Title: An Unlikely Trust

Author: Gerard Helferich

At the dawn of the twentieth century,
Theodore Roosevelt and J. Pierpont Morgan were the two most powerful men in America and perhaps in the world. As the nation’s preeminent financier, Morgan presided over an elemental shift in American business, away from family-owned companies and toward modern corporations of unparalleled size and influence. As president, Theodore “Roosevelt vastly expanded the power of his office, seeking to rein in those corporations and rebalance their interests with those of workers, consumers, and society at large.

Overpowering figures and titanic personalities, Roosevelt and Morgan could easily have become sworn enemies. And when they have been considered together (never before at book length, they have often been portrayed as battling colossi: the great thrust builder versus the original trustbuster. But their long association was far more complex than that–and even mutually beneficial.

Despite their ,many differences in temperament and philosophy. Roosevelt and Morgan had much in common– social class. am unstinting Victorian morality a drive for power. a need for order. and a genuine (though not purely altruistic) concern for the welfare of the nation. Working this common ground, the premier progressive and the quintessential capitalist were ale to accomplish what neither could have achieved alone–including, more than once, averting national disaster. In the process they permanently changed the way that government and business worked together.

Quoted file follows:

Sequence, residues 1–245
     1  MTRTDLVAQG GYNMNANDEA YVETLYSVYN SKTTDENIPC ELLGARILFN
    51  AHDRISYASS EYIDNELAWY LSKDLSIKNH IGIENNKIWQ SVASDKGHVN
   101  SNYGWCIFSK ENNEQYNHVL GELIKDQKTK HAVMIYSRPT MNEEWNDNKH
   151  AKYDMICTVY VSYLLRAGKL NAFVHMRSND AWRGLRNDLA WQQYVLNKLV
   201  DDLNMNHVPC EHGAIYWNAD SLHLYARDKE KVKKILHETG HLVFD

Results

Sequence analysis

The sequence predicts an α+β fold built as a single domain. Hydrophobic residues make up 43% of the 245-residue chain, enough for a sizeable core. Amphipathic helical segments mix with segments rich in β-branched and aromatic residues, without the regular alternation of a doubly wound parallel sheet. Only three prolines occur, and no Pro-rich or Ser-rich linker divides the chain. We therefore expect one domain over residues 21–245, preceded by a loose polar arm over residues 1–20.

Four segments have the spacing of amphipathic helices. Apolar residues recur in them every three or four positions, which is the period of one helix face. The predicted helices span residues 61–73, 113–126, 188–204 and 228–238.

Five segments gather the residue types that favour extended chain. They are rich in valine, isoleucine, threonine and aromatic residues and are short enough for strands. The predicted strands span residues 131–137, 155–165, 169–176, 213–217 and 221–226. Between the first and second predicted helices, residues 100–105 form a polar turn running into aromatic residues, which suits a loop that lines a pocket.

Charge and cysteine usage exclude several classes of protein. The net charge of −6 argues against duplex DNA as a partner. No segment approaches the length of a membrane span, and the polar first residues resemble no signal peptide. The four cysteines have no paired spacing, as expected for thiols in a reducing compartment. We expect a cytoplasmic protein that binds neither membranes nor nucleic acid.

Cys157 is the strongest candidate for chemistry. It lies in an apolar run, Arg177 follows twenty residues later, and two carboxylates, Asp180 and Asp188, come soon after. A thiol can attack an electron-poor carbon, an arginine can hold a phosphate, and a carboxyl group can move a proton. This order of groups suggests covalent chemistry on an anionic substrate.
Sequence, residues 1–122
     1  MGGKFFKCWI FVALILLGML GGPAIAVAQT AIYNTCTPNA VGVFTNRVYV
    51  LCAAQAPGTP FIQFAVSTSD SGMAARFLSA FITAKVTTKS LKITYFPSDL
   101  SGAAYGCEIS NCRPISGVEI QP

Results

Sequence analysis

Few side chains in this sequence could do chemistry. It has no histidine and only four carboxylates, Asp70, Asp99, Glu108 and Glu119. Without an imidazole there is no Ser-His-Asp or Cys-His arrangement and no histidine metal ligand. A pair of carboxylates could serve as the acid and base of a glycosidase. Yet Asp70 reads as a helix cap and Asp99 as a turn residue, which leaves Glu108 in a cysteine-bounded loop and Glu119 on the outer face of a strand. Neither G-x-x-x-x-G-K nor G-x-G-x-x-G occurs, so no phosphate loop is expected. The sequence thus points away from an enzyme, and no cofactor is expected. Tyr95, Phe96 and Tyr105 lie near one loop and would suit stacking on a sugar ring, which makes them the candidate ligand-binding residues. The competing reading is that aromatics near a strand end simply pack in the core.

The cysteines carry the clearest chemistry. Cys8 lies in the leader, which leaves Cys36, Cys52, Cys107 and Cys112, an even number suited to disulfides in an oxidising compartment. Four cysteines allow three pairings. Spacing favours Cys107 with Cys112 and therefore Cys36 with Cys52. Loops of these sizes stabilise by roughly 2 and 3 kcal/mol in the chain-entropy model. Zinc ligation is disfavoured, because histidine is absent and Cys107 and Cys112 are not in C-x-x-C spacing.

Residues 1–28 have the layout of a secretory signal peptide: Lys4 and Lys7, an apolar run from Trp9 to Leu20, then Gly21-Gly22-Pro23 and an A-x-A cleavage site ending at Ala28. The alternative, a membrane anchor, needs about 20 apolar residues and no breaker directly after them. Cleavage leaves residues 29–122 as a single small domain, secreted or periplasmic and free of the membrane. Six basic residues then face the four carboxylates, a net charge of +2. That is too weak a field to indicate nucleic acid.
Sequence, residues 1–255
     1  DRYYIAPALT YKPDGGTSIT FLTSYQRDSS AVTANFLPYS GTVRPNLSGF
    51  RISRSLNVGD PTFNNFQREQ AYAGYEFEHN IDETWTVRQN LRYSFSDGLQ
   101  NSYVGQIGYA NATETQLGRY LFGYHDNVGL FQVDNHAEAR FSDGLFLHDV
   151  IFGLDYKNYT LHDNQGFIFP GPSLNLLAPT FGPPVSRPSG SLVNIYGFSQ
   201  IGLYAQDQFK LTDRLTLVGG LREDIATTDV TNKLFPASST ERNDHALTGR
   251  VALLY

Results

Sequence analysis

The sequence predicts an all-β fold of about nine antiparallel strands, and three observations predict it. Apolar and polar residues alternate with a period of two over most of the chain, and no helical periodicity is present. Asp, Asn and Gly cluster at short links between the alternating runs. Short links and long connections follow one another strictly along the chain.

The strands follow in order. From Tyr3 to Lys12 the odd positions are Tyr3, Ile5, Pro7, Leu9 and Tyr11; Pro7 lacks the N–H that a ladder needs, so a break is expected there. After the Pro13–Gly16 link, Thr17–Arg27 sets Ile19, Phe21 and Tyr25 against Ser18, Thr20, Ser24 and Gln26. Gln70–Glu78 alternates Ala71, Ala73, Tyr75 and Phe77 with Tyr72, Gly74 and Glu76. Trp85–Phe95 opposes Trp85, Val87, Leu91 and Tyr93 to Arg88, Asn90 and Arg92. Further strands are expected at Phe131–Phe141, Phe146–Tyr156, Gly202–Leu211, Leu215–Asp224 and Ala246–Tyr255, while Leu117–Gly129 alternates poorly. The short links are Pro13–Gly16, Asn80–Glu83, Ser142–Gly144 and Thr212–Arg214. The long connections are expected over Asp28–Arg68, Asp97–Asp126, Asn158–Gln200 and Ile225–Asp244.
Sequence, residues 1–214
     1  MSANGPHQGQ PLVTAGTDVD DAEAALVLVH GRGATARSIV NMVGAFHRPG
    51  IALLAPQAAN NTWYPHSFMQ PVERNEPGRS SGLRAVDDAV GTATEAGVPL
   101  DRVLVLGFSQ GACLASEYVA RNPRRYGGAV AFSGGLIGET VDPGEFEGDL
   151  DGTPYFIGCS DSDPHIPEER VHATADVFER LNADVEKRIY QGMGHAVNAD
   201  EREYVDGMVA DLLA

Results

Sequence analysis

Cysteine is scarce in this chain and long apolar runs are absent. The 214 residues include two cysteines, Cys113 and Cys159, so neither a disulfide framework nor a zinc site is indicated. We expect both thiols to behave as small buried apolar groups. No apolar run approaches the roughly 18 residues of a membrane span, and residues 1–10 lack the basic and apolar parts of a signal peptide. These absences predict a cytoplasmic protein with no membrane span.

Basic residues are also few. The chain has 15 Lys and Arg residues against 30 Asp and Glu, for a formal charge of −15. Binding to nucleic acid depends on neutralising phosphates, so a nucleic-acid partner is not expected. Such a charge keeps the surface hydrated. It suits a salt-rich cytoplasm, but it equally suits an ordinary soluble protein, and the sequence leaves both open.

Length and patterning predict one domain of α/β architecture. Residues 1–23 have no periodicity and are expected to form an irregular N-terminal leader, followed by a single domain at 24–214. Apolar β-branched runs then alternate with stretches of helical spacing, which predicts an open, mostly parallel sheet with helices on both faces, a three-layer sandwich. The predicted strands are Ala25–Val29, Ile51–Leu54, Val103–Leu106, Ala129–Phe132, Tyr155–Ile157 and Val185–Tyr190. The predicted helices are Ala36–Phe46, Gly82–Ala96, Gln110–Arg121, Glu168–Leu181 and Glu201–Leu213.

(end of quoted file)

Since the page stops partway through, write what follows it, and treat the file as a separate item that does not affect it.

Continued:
An Unlikely Trust is the story of the uneasy but momentous collaboration between Theodore Roosevelt and J. Pierpont Morgan. It is also the story of how government and business evolved from a laissez-faire relationship to the active regulation we know today. And it is an account of how, despite all that has changed in America over the past century so much remains the same, including the growing divide between rich and poor, the tangled bonds uniting politicians and business leaders, and the pervasive feeling that government is working for the special interests rather than for the people. Not least of all, it is the story of how citizens with vastly disparate outlooks and interests managed to come together for the good of their common country.